Dot (Belle), a young deaf and mute woman, is sent to live with her godparents (Falco and Donovan) and their daughter (Cuthbert). The new addition to the household realizes that everything is not copacetic in the home, and the family's dark come to light.
Angie, a young Brazilian artist, abandons her old life and embarks on a journey around the country. Running from her past, and searching for her foundation in life, Angie finds not only herself but love in its many forms.
Following the death of her father, a teenage Dot moves into the home of her godparents and their teenage daughter Nina. Dot arrives wrapped up in the silence of being deaf-mute. She finds a different kind of silence waiting for her in her new home, for this home is a place with a dark secret involving Nina and her father. At first, Dot and Nina seem to be polar opposites. However, they gradually realize how much they have in common. Bringing them together catalyzes a series of events in which both reveal their secrets and shed their double lives. A violent consummation almost destroys them. Yet they find hope for the future in the quiet after the storm. Written by
Jamie Babbit has stated in an interview that Thora Birch was originally chosen to play the role of Dot. See more »
When Dot and Nina arrive at the dance and Nina leaves to smoke you can see the backpack on Dot's back. When Conner comes up to Dot to talk to her the back pack is gone. In the next shot, it is back. See more »
All I wanted was to be invisible.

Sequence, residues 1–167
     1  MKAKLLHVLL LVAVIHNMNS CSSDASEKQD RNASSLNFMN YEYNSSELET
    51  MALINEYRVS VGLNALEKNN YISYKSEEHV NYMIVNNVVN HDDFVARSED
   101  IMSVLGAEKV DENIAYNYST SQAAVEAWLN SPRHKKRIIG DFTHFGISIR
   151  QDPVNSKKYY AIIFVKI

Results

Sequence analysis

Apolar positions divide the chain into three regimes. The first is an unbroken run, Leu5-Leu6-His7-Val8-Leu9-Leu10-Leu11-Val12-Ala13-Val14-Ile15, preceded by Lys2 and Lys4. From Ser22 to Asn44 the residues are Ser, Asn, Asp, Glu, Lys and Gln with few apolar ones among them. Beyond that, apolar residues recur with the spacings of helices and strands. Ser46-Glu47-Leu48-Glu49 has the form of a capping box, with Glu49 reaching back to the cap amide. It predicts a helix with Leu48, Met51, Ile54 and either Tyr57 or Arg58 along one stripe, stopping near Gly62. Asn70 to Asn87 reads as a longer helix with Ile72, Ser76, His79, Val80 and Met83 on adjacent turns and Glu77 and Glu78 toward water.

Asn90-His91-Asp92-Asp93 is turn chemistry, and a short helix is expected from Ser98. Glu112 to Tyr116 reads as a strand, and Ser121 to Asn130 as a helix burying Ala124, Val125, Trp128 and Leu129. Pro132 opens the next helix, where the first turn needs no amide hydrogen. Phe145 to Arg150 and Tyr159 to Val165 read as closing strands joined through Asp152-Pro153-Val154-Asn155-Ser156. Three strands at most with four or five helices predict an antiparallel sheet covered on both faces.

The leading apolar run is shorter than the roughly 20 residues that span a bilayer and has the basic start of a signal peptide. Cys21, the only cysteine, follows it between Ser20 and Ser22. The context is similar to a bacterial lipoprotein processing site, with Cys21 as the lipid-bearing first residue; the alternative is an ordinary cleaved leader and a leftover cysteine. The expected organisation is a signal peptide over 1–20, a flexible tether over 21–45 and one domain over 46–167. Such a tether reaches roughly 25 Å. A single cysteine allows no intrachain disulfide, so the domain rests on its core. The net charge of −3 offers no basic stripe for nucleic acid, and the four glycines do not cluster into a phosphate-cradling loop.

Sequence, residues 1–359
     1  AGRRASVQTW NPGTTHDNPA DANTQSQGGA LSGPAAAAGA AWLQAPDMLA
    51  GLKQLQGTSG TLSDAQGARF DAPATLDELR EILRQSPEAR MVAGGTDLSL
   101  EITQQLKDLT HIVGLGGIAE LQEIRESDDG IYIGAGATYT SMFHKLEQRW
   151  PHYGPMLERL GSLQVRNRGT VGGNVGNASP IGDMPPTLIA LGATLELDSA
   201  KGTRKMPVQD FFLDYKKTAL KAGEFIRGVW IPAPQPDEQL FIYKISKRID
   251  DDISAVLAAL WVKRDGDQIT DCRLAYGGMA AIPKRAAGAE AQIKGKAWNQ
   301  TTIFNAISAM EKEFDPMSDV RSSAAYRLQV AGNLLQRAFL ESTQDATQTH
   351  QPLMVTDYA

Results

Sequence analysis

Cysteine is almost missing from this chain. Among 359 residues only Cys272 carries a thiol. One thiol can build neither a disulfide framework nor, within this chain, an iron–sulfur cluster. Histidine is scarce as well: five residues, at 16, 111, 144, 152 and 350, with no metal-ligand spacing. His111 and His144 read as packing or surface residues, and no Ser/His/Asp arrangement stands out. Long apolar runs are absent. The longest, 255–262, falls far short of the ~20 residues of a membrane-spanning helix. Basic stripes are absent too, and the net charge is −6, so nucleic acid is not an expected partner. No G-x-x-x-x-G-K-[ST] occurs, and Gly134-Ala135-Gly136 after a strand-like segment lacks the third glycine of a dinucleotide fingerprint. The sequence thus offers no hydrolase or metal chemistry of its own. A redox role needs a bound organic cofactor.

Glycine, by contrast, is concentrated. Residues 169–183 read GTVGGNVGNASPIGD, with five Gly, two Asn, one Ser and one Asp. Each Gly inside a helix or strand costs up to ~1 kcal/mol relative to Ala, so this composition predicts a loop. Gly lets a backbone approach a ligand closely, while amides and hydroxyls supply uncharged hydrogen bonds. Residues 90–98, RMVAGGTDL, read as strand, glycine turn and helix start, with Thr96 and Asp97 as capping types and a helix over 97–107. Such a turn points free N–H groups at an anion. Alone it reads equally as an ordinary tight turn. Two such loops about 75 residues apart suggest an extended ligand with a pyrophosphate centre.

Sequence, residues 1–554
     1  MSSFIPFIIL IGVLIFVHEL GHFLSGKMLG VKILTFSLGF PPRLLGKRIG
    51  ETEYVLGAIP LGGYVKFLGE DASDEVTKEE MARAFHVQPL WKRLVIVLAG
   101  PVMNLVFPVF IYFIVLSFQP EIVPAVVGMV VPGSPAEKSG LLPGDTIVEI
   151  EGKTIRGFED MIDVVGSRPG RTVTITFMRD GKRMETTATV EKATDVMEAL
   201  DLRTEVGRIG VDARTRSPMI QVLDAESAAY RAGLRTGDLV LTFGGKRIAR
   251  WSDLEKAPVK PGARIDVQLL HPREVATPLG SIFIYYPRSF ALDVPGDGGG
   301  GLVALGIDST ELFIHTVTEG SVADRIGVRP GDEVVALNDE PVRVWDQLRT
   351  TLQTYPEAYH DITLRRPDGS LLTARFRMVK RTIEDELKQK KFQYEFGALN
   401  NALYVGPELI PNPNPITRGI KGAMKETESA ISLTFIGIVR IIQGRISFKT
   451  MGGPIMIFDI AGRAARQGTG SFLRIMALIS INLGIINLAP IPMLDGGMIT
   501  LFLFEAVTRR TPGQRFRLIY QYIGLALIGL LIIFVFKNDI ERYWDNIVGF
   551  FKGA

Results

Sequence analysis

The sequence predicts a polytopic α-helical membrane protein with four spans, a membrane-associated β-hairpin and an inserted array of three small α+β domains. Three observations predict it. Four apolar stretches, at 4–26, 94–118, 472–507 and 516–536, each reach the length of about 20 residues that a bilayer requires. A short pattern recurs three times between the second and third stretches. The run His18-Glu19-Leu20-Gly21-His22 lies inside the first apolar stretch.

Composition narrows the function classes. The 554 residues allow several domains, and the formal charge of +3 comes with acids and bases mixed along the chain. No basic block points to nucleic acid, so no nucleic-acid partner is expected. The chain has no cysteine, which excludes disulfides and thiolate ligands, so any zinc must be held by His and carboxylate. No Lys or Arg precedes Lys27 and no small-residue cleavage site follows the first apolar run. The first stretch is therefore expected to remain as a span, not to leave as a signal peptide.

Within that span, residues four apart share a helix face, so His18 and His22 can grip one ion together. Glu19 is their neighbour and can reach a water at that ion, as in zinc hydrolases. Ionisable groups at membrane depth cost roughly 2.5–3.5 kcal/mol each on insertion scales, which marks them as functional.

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Go watch "The Quiet"! Quickly! I can't get over what a good film it is what a surprise! After watching The Quiet, I checked out its many awful critic reviews, then looked at it on the good old IMDb. Another surprise - it pretty much has nothing but raving user reviews the People have spoken. I'm inclined to agree, as I picked the film up because I heard it was a thriller about normal people's dark, guilty secrets, which is always fun! I didn't really know much about the actual plot, and so, late last night, when I bunged it on the DVD with the idea of watching ten or so minutes before bed, I found that I couldn't stop watching it. I felt *compelled* to watch, even when the film was plumbing it's darkest depths and I was hanging over the edge of my seat feeling at my most unsettled and muttering to myself things like "mad" and "off key". If you don't already know what happens, I assure you, you will be completely surprised. The subject matter is one of those ones that some people think should never be dramatised, and it definitely *does* leave you unsettled (catch the scene where Nina confides her plan to Dot in the cafeteria disturbing!), but I would say it will stick in my head, as apart from the twists, and the intense construction of suspense, the characters, who all start out as unsympathetic, go through such brilliantly contrived arcs, that you find yourself empathising with even the most evil. The two main characters are wicked Elisha Cuthbert from 24 packs a stirring punch as the popular cheerleader from Hell with an unbelievable dark side and a complex set of issues, while Camille Bell puts in a career topping turn as not-so-deaf Dot, keeper of everyone's secrets and work really well together. You also may find yourself laughing nervously a certain points and feeling bad for doing so, but that just means that the makers have provoked a reaction Basically, I totally got more than I expected and I would recommend The Quiet to most people as shocking but compelling viewing! But, *don't* watch if you can't stand a film that makes you a bit uncomfortable, or one that makes you feel kinda guilty for liking it!
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